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 Oracle 11g Shared Cluster Architecture
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Oracle 11g Grid & Real Application Clusters by Rampant TechPress is written by four of the top Oracle database experts (Steve Karam, Bryan Jones, Mike Ault and Madhu Tumma).  The following is an excerpt from the book.

Shared Cluster Architecture

Unlike the ‘shared nothing’ Google search platform, Oracle RAC is a shared everything database.  The following items are shared by all RAC instances. 

  • data files

  • control files


  • redo log files (shared during recovery)

  • interconnect

Since Oracle RAC is a shared everything system, the data files, control files, SPFILEs and redo log files must reside on cluster aware shared storage. 

Storage Options

The shared storage options for Oracle 11g RAC are ASM, OCFS for Windows, OCFS2 for Linux, NFS (now with Direct NFS in 11g), certified third-party cluster-aware volume manager, certified network file system, and raw devices.  Oracle requires that RAC implementations using Network Attached Storage (NAS) use their own private network, which is separate from the interconnect.


Metalink Note 578455.1 indicates Oracle’s support of raw devices is going away in Oracle 12g.

Virtual IP Address

Unlike a single instance database, an Oracle RAC instance can be connected to a client through the server’s IP address and through VIP addresses.  The VIP address or corresponding virtual host name is the logical way to connect to the RAC database, because of the built-in failover ability.


The interconnect is a critical component of the Oracle RAC architecture. 


From Oracle:  “The interconnect network is a private network that connects all of the servers in the cluster. The interconnect network uses a switch (or multiple switches) that only the nodes in the cluster can access. Configure User Datagram Protocol (UDP) on a Gigabit you can configure Oracle Clusterware to use either the UDP or Reliable Data Socket (RDS) protocols. Windows clusters use the TCP protocol. Crossover cables are not supported for use with Oracle Clusterware interconnects.”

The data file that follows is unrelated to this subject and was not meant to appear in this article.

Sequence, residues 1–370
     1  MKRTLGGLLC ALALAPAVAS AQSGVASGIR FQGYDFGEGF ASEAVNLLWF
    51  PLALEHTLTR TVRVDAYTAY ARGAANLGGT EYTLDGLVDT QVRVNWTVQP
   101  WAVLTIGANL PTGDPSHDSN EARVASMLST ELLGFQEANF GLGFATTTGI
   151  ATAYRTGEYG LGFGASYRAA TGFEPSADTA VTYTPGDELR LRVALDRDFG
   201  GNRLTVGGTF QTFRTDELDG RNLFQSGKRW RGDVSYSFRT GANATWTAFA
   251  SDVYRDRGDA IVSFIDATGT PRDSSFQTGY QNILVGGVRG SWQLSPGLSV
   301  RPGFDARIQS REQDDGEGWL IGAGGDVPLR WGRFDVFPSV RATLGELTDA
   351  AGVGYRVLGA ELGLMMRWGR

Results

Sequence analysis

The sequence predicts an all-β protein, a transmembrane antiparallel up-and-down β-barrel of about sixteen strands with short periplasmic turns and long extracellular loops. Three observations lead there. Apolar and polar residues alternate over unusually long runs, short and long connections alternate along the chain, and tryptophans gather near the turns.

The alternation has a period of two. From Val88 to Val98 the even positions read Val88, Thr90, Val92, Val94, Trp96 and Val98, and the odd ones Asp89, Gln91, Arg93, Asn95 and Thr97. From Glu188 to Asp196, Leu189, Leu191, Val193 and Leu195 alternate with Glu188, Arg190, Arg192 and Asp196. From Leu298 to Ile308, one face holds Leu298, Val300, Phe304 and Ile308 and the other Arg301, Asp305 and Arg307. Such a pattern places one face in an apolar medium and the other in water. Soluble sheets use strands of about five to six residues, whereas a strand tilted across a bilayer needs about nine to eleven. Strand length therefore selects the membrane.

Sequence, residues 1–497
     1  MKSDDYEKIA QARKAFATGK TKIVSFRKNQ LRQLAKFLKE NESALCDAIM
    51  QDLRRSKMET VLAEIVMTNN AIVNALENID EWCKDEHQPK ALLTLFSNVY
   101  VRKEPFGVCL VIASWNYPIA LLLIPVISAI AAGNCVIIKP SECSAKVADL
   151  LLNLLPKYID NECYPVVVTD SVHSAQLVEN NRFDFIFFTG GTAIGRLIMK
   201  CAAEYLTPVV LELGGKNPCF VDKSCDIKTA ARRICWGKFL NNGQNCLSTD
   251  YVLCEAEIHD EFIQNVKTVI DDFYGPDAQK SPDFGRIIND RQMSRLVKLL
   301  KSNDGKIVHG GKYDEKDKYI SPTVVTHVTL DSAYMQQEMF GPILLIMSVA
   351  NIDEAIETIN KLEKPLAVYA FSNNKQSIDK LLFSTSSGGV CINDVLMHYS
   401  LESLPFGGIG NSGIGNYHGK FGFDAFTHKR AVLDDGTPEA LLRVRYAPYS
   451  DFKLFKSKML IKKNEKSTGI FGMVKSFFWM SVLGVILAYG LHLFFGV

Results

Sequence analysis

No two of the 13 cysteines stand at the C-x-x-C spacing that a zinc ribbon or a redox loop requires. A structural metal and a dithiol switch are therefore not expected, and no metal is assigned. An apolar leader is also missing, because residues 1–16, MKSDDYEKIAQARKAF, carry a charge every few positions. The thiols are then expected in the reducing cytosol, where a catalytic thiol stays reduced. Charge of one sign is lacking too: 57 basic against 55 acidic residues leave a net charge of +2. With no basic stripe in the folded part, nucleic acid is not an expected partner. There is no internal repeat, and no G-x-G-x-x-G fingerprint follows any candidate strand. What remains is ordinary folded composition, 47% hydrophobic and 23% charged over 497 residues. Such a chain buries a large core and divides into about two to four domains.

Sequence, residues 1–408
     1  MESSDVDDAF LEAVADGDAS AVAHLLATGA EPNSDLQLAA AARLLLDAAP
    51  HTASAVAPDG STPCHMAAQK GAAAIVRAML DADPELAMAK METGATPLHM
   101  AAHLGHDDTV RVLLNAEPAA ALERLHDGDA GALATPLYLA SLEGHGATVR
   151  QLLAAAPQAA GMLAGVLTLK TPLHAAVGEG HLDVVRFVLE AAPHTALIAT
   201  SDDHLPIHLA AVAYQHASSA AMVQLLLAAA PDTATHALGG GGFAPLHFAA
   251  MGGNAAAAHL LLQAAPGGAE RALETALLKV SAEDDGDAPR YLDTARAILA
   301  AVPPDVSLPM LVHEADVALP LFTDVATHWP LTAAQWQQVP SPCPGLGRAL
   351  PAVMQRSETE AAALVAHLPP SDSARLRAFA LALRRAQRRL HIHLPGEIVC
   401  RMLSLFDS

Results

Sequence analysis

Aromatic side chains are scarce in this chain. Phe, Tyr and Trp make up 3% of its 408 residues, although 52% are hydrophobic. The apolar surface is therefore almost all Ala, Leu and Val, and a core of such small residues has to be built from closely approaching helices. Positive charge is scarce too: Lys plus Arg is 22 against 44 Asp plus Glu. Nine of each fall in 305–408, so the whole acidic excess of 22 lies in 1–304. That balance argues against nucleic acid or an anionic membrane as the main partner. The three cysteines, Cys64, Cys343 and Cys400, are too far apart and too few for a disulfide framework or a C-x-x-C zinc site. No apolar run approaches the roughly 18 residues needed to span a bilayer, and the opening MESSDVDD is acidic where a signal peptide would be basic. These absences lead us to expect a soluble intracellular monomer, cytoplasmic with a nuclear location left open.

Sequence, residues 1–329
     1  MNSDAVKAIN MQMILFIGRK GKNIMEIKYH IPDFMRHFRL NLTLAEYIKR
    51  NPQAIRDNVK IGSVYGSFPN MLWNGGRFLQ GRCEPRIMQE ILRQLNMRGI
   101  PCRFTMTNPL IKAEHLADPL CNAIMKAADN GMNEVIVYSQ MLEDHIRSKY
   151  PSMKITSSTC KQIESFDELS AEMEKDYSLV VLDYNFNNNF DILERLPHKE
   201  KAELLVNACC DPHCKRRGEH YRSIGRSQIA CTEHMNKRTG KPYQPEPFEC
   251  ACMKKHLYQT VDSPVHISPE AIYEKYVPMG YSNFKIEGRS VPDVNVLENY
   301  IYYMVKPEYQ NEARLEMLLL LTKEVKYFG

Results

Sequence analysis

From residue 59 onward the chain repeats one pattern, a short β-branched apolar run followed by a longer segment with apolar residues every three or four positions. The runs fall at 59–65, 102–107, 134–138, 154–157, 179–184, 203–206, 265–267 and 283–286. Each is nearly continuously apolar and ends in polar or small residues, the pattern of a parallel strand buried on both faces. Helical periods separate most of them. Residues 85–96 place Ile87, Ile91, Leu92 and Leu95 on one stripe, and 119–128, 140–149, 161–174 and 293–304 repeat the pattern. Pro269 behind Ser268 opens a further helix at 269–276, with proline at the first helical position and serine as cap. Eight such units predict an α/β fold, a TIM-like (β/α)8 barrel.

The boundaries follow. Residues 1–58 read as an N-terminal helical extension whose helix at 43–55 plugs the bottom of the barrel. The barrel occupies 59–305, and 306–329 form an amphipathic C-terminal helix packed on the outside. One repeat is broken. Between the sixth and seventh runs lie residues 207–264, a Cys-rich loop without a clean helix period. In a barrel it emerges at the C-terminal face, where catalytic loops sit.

Using 10 Gigabit Ethernet as the interconnect is not mentioned above by Oracle, but is a good choice because it can move 1,250 MB/s versus Gigabit Ethernet’s 125 MB/s. 

Cache Fusion

Cache Fusion is a core part of Oracle RAC.  The System Global Area (SGA) consists of multiple components, one of which is the buffer cache .  In RAC, cache fusion combines the buffer cache, allowing the buffer cache size to be much larger.  Cache fusion traffic and other inter-instance communication takes place over the RAC interconnect private network.


A data block initially resides on disk.  As queries are run, data blocks are copied from disk to the requesting instance’s buffer cache.  If another instance needs any of the data blocks that are now in the first instance’s buffer cache, the second instance will obtain the blocks from the first instance, preventing a more expensive trip to disk.  The Global Cache Service (GCS) and the Global Enqueue Service (GES) processes keep track of the status of each cached block using a memory resident data structure called the Global Resource Directory (GRD). 


There are a number of RAC specific processes which will be explained in more detail in other chapters.  The processes are ACMS, GTX0-j, LMON, LMD, LMS, LCK0, RMSn and RSMN.


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